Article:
Moondance was released in 1970, and several tracks – “Crazy Love,” “Caravan,” “Into the Mystic” and the title track ( a de rigueur dance-band number) – have since assumed “standard” status. And that kind of over-saturation can result in people forgetting just how good the album really was/is (see also: Led Zeppelin’s fourth LP). A new 2CD set appends eleven outtakes – all previously unissued – to the album. The outtakes add to the listener’s understanding of the album as an organic whole, and there’s even a 4CD version (with more unreleased goodies) available as well.


Various – Purple Snow: Forecasting the Minneapolis Sound
The Diminutive Purple One didn’t spring forth fully formed; the Minneapolis scene had long been a breeding ground for all kinds of r&b talent. And while most never broke out in any major way (Morris Day being a notable exception), they left behind a cache of music. Those crate-digging folks at Numero Group have unearthed the best of these and compiled them in three formats (2CD w/book, 4CD w/book, MP3). It’s really more of a book with a soundtrack than the reverse; at 144pp, one can delve deeply into the history of African-American modern r&b out of the Twin Cities.


Deep Purple – Now What!? (Gold Edition)
You can be forgiven for initially looking upon this release with skepticism. After all, Deep Purple’s high water mark came in the very early 1970s. Like so many hard rock bands of their ilk, they floundered creatively (and commercially) in the 1980s and beyond, releasing little of note and becoming somewhat faceless. So it’s some great surprise to learn that the group (comprised mostly of prime-era members) has roared back with their best album in decades. Now What!? sounds and feels like the Deep Purple of old, and a bonus disc of live tapes show that it’s not sessioner trickery.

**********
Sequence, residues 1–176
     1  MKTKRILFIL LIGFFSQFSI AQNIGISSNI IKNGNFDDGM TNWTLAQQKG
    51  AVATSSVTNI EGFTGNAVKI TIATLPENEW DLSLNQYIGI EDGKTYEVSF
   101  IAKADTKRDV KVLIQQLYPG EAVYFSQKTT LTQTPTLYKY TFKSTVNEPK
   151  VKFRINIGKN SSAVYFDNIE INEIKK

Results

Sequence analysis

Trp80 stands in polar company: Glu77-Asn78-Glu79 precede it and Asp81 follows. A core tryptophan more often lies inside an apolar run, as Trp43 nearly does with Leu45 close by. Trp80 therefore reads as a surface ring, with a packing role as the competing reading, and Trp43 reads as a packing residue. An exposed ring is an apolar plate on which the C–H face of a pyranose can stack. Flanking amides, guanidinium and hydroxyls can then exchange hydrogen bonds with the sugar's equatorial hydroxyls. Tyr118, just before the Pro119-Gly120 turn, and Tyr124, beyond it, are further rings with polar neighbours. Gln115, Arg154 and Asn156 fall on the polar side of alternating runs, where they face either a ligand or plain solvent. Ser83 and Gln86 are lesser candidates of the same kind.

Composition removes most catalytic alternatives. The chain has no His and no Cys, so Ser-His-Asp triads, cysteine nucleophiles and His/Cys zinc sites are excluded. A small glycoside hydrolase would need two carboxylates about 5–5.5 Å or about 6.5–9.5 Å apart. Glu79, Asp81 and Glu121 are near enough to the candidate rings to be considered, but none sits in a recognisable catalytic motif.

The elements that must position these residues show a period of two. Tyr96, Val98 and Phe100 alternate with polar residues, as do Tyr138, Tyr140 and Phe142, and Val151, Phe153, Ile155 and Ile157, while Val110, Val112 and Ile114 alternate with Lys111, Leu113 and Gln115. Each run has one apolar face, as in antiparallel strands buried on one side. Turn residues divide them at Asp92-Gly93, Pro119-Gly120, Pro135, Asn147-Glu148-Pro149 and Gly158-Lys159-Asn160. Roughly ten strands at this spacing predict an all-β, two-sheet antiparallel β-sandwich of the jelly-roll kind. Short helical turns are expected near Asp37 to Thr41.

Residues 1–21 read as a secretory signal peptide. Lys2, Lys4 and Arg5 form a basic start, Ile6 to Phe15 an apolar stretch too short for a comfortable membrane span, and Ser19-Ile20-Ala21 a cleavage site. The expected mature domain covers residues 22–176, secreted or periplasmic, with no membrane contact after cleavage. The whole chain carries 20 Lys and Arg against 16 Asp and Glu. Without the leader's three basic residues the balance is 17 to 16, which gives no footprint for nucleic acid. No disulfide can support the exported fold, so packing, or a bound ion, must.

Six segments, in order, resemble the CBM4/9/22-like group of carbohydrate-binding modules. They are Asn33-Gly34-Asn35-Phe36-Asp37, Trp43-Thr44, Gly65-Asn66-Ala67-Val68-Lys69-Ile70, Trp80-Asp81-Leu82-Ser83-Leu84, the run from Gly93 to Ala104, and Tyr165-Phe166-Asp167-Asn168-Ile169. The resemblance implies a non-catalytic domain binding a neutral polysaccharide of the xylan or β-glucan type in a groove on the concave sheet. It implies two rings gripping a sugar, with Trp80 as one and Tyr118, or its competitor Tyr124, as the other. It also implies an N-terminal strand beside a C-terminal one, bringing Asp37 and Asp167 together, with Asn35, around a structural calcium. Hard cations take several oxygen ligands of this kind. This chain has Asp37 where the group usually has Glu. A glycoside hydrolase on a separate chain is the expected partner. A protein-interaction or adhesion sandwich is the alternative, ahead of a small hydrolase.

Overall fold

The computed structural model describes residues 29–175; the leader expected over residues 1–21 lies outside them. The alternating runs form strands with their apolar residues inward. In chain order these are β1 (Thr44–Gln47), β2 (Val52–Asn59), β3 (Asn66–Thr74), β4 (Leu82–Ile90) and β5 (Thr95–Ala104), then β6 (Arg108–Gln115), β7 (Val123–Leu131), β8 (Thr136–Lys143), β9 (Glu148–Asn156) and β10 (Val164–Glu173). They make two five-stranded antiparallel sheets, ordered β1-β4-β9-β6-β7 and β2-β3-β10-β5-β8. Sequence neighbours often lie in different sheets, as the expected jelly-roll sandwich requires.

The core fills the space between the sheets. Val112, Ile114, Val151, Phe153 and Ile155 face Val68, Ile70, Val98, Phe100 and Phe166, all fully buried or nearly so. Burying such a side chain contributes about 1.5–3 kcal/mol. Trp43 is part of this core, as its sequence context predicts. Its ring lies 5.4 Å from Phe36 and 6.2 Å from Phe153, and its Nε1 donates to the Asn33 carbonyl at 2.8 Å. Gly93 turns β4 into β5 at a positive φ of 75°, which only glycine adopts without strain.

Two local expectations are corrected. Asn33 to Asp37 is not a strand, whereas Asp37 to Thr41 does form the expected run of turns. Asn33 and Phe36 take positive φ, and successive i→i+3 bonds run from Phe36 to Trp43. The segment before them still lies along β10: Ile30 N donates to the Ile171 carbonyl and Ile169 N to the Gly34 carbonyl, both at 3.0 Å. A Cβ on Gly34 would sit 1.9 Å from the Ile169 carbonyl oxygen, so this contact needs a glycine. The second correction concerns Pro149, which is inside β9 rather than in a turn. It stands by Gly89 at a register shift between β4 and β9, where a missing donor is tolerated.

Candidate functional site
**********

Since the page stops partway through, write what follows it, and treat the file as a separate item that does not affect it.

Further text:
The First Family – 50th Anniversary Edition
The early 1960s was a golden era for the comedy LP; releases from Bob Newhart, Allan Sherman and others enjoyed success in the marketplace. While those vintage LPs make for quite the dated, quaint listen today, they’re fun nonetheless. The First Family capitalized on craze for all things Camelot, when the public couldn’t get enough of the Kennedy clan. A followup album (cut five months later) got much less notice, and when JFK was killed in November of that year, most people quietly shelved the first LP. Both are gathered together with some bonus material for this 2CD anniversary set.


Red Temple Spirits – s/t
This package has an extremely high “boutique” quotient; how else to describe a set that places CDs in what look like embossed, wax-paper sleeves, encased in a gold-toned envelope? This is one set that won’t fit on your CD shelf, nor will it stand alone like some box set. And the music – post-punk from the late 1980s – isn’t the sort of pretty, filigreed stuff you’d expect to get this kind of treatment. It will appeal to fans of Public Image Limited; though RTS was California-based, vocalist William Faircloth added a veddy British vibe to the goth-rock proceedings.

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DVD Review: Happening ’68 Vols. 1-3 (Part Two)

Tuesday, February 18th, 2014

Continued from Part One

The aforementioned Aretha Franklin segment is of particular interest, as it shows the off-the-cuff nature of the program. As Lindsay is discussing the soul singer’s career with guest Jackie DeShannon, they note that Aretha was “on Columbia” (also Paul Revere and the Raiders‘ label) for five years, but “didn’t go anywhere.” The clear implication is that Columbia didn’t serve Franklin’s career well. An entire episode (aired March 15, 1969) is devoted to Wilson Pickett, who – unlike most musical guests – appears with his entire band. Pickett tears things up – even though he’s miming like everyone else (though some reports suggest the performance was live; you decide) — and gives a fun if brief interview.